Second Circuit holds that songwriter’s heirs did not validly terminate their grant of contingent rights in renewal term of copyright for composition “Can’t Help Falling in Love” because their grant was not “executed by the author” under Section 203 of Copyright Act.

Plaintiffs are heirs to the late songwriter and record producer Hugo Peretti, who co-authored the musical composition “Can’t Help Falling in Love,” famously performed by Elvis Presley and later by various other recording artists. The composition was created, published and registered as a copyright in 1961. In 1983, Peretti, his wife and his daughters all signed a contract assigning their contingent rights and interests in the renewal term of the copyright in the composition to Julian J. and Joachim Jean Aberbach, predecessors-in-interest to defendants Authentic Brands Group and ABG EPE IP LLC.

Under the Copyright Act, renewal rights to the composition would not vest until the expiration of the original term of copyright, 28 years after the copyright was initially secured. Peretti died three years before his renewal rights vested. His widow and daughters subsequently registered the renewal of the copyright in 1989. In 2014, they served a notice of termination on defendants purporting to terminate the 1983 assignment. Defendants argued that the termination was not effective, and plaintiffs commenced suit seeking declaratory judgment that they had validly terminated the 1983 assignment.

Defendants moved to dismiss for failure to state a claim, and the district court granted the motion, holding that the 1983 assignment was not a grant “executed by the author” under Section 203 of the Copyright Act and, therefore, plaintiffs had no statutory right to terminate the grant. On appeal, the Second Circuit affirmed.

As the appellate court noted, Section 203(a) of the Copyright Act permits termination only of “the exclusive or nonexclusive grant of a transfer or license of copyright or of any right under a copyright, executed by the author on or after January 1, 1978.” The court’s analysis focused on the meaning of the words “executed by the author."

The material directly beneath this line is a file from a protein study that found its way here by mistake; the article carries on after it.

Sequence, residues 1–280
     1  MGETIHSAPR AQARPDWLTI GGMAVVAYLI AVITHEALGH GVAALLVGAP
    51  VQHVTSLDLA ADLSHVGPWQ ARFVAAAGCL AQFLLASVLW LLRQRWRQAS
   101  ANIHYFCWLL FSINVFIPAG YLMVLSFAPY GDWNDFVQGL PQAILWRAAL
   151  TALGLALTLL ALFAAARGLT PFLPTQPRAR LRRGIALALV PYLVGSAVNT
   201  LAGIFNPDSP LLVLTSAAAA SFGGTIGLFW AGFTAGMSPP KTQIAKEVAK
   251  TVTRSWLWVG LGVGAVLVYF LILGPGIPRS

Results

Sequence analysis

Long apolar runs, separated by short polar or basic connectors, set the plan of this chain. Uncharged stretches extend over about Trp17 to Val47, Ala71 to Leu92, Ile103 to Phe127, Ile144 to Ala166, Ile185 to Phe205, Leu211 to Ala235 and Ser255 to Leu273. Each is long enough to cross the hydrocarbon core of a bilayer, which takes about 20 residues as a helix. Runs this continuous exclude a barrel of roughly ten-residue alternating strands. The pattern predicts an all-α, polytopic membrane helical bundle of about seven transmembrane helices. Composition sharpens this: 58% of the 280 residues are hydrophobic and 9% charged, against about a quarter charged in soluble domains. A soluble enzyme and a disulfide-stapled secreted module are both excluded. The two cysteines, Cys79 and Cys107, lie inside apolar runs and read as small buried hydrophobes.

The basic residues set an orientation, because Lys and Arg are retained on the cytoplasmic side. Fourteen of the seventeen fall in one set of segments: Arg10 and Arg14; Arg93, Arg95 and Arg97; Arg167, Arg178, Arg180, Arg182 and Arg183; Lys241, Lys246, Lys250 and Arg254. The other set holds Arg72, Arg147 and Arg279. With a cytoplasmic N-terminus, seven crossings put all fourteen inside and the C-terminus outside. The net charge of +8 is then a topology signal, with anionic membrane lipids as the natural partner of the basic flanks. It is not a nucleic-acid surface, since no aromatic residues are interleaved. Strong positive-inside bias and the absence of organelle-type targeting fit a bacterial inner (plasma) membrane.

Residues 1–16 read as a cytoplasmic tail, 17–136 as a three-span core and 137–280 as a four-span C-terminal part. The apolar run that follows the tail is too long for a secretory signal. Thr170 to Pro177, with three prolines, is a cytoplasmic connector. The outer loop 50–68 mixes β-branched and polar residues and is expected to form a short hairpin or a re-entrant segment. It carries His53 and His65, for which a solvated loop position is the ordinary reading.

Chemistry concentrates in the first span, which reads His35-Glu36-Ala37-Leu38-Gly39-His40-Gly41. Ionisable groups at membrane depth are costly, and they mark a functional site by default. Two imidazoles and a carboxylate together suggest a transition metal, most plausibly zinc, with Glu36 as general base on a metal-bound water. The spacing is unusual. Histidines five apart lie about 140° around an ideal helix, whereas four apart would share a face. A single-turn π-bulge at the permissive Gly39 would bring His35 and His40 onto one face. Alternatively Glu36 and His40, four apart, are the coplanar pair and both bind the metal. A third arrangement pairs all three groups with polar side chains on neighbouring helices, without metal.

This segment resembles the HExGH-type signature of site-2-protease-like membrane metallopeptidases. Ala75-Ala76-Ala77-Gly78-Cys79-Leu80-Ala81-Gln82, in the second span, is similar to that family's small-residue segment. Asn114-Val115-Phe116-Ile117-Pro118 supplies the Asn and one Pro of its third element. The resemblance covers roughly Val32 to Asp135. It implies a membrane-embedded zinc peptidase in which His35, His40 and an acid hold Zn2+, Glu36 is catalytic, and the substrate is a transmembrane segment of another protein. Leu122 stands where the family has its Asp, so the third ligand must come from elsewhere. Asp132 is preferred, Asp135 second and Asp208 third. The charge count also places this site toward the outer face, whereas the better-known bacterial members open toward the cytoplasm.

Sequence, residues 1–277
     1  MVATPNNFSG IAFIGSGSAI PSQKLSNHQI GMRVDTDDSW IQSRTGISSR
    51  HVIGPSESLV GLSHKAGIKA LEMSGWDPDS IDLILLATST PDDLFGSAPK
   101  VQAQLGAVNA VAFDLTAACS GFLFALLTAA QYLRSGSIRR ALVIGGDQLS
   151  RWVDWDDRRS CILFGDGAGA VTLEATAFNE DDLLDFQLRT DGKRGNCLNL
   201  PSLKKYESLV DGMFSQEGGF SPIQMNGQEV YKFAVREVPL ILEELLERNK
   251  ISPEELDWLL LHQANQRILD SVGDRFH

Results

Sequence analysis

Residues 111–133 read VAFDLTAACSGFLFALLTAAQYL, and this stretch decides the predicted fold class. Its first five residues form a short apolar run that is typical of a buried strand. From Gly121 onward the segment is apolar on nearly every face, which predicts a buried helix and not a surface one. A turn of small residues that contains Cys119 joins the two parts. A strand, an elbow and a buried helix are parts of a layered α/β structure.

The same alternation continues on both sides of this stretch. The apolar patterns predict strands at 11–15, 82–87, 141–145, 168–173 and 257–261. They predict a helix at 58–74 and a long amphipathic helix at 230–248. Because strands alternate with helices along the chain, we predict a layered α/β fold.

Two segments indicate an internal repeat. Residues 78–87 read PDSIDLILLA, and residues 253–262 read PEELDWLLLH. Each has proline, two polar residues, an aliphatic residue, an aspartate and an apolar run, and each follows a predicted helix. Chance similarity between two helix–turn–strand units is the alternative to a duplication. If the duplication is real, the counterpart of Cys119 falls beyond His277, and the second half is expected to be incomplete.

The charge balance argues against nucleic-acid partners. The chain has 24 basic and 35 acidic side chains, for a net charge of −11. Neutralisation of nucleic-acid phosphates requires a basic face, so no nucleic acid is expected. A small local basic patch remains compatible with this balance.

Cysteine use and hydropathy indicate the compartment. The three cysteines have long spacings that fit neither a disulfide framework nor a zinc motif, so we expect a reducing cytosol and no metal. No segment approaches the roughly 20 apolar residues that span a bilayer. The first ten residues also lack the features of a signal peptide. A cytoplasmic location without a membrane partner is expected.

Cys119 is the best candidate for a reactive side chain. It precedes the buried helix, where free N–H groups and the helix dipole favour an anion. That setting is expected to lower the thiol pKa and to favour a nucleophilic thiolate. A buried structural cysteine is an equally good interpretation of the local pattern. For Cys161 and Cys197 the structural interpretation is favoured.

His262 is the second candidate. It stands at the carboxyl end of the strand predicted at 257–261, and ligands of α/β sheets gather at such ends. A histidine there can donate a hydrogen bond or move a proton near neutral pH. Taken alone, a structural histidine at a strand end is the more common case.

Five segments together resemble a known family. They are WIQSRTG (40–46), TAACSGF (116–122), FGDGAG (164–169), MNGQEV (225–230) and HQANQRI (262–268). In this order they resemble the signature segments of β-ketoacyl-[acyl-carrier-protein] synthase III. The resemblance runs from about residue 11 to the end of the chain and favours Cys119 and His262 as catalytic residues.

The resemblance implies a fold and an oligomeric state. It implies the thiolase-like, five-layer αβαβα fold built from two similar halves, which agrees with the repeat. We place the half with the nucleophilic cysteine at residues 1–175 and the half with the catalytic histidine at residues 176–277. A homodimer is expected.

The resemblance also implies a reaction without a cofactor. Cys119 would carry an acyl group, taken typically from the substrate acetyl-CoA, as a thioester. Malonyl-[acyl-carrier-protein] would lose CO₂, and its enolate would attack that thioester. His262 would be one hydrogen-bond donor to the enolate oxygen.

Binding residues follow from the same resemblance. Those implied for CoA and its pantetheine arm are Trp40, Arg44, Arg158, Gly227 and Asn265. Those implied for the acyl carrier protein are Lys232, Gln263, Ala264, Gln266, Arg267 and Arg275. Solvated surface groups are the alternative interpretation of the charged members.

Plaintiffs argued that all that is required for a grant to be “executed by the author” is the author’s signature affixed to the grant document, but the court rejected that interpretation. The Copyright Act defines the term “execute” to mean “signed by the owner of the rights conveyed.” Accordingly, the court reasoned, “anyone can affix his signature to a document purporting to transfer a right or piece of property, but only the signature of the owner of the right or property in question (or that of the owner’s authorized agent) can ‘execute’ the transfer, because only the owner’s consent can give ‘validity’ to the transfer.” The court held that, based on the plain reading of the statute, a grant “executed by the author” is a grant that is “documented in writing, that is signed by the author, and”—most importantly—“that conveys rights owned by the author.”

The court found that because of his death, Peretti’s contingent right to renew the copyright never vested and, consequently, the 1983 assignment never conveyed any right to renew on his behalf. Instead, the only renewal rights conveyed in the 1983 assignment were those of his widow and daughters, which vested upon the expiration of the original copyright term. The court found that the assignments made by Peretti’s widow and daughters were not grants “executed by the author” merely because Peretti’s signature appeared on the same document. Accordingly, their grant to defendants’ predecessors-in-interest was not capable of termination under Section 203.